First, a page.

Use Attachment F, Time Line Rubric, to evaluate the time
                            line. Use Attachment G, Baroque Style, to evaluate each
                            student’s performance.

                            Instructional Procedures:
                            Day One
                            1. Distribute Attachment A, A Slice of History.
                            2. Have students work alone or in small groups to complete
                               Attachment A, A Slice of History.
                            3. Use a chalkboard or marker board to list the birth/death,
                               beginning/ending dates for the people and events the
                               students researched while completing Attachment A. Have
                               students determine, as a class, how long the intervals
                               should be on the time line.
                            4. Begin a warm up using a melody by a Baroque composer.
                               Share information with students about what work the
                               melody is from and its composer.
                            5. Discuss the Baroque style of playing. Emphasize the
                               concepts that melodies often include grace notes for
                               decoration, rhythms and time signatures that become more
                               complex, and chords similar to what we hear in
                               contemporary music.

                            Instructional Tips:
                             Have the students take turns placing people and events on
                               the time line. As an extension ask students if there are any
                               other events or people they feel would fit onto the time

                              Connecting the Dots – Grade Six
                                 Interdisciplinary Lesson
  other events or people they feel would fit onto the time line.
 Tell students what they are expected to achieve as they construct their own time lines.
 Select Baroque etudes from a method book or another source. If none are available,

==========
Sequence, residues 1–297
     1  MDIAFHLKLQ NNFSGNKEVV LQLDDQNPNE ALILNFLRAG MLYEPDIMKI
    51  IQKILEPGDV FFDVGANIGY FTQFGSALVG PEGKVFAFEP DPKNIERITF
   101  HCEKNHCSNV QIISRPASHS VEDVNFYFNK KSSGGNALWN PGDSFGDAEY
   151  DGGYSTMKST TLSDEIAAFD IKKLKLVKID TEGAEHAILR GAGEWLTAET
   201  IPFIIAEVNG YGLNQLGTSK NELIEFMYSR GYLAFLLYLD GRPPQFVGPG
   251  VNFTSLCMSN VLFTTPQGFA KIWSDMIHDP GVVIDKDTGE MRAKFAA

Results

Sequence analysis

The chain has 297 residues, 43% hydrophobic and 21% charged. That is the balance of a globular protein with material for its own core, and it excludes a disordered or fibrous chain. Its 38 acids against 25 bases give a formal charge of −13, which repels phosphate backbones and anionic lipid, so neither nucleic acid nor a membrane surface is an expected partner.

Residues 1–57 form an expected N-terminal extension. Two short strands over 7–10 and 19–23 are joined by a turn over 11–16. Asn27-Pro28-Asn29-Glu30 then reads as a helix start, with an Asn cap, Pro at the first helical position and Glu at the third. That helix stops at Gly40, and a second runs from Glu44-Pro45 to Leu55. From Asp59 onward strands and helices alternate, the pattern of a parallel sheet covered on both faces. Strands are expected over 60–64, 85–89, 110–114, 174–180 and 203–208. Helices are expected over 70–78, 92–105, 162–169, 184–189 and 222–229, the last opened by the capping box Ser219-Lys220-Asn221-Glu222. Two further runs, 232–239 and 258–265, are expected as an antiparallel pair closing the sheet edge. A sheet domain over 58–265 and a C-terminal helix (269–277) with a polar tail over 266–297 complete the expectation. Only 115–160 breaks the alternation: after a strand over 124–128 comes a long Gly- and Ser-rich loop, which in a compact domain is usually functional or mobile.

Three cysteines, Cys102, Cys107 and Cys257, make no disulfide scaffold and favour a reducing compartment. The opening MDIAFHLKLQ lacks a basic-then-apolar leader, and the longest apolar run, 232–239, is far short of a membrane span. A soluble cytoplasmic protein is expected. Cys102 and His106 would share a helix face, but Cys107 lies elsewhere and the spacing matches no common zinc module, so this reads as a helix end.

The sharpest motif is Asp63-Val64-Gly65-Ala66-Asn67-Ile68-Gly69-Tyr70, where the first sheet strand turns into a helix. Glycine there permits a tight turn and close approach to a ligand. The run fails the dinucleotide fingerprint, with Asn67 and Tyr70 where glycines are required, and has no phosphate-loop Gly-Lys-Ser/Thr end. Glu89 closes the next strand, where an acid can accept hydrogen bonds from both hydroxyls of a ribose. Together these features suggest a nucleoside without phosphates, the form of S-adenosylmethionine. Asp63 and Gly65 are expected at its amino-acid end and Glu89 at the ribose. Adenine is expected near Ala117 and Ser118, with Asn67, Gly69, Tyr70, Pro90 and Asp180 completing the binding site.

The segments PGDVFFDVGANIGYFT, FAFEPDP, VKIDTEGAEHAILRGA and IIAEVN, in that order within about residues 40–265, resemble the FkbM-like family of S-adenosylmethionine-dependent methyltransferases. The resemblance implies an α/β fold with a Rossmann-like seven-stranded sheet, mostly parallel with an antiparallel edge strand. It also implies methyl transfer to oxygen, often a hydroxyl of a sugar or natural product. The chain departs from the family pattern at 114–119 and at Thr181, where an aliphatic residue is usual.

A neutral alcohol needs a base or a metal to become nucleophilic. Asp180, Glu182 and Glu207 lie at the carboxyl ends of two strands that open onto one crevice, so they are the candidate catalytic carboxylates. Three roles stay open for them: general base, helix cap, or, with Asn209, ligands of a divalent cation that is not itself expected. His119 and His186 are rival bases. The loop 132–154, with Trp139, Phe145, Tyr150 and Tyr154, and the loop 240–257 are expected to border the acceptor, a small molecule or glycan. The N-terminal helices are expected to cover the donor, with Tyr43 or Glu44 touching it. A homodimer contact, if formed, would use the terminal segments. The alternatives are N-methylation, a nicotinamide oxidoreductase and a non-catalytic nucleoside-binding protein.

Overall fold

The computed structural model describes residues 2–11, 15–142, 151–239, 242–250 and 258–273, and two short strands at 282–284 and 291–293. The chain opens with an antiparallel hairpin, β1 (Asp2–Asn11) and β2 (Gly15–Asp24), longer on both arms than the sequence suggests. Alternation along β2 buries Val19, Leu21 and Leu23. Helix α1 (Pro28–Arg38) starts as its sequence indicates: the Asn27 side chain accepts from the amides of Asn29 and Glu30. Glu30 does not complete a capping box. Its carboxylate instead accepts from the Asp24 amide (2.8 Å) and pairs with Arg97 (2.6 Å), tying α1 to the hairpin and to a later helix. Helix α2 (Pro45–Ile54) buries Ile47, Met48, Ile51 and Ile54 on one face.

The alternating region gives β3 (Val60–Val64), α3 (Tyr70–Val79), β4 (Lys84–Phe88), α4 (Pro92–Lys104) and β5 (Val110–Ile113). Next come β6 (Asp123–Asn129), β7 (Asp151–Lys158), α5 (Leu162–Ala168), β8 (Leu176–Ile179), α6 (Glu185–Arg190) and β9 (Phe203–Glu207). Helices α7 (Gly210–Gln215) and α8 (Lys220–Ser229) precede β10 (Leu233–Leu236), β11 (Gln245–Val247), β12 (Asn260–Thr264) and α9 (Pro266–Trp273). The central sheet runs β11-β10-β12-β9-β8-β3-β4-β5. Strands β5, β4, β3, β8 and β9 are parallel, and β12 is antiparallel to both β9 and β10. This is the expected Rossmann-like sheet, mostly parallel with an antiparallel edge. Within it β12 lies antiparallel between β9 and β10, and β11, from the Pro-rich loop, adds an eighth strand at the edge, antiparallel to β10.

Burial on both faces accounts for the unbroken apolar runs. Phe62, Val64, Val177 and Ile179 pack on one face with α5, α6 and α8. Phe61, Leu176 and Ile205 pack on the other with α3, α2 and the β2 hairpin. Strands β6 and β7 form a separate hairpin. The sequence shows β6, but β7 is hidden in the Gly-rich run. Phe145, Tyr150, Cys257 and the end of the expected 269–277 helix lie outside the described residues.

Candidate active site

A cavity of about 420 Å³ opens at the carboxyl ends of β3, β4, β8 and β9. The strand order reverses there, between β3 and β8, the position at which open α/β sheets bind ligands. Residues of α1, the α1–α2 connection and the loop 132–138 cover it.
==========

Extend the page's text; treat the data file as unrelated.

you could create your own. Simple warm ups could be played in the Baroque style.
  From this point students should play Baroque music every day including both etudes
  and pieces. Connect the people and events of the Baroque period to the music the
  students are playing. Suggestions for etudes are:
  a. Bach: Peasant’s Cantata;
  b. Purcell: Rigaudon;
  c. Mouret: Rondeau;
  d. Vivaldi: The Four Seasons;
  e. Handel: Water Music.

Day Two
6. Distribute Attachment B, The Baroque Period, and have the students read it
   individually or in small groups.
7. Have students record full names, dates and events they feel are important in the
   appropriate columns on Attachment C, Baroque Highlights.

Instructional Tips:
 Students may complete the handout as homework to save class time. Attachment B,
   The Baroque Period, is not a comprehensive overview of the Baroque period. You
   might use an informational sheet about the Baroque period created from various
   reference materials such as workbooks or encyclopedia entries. Students could still
   use Attachment C, Baroque Highlights, to record their information.
 There are many new words and terms in Attachment B, The Baroque Period. One
   way to help students learn these new words is to have them write them on large strips
   of paper and place them on the wall. New words can be added to the “word wall”
   throughout the year to help students learn new vocabulary words.

Day Three
8. Discuss Attachment B, The Baroque Period. Ask students to share the information
   they recorded on Attachment C, Baroque Highlights.
    How did you determine which people and events are important?
    How did you determine in which columns to place the information?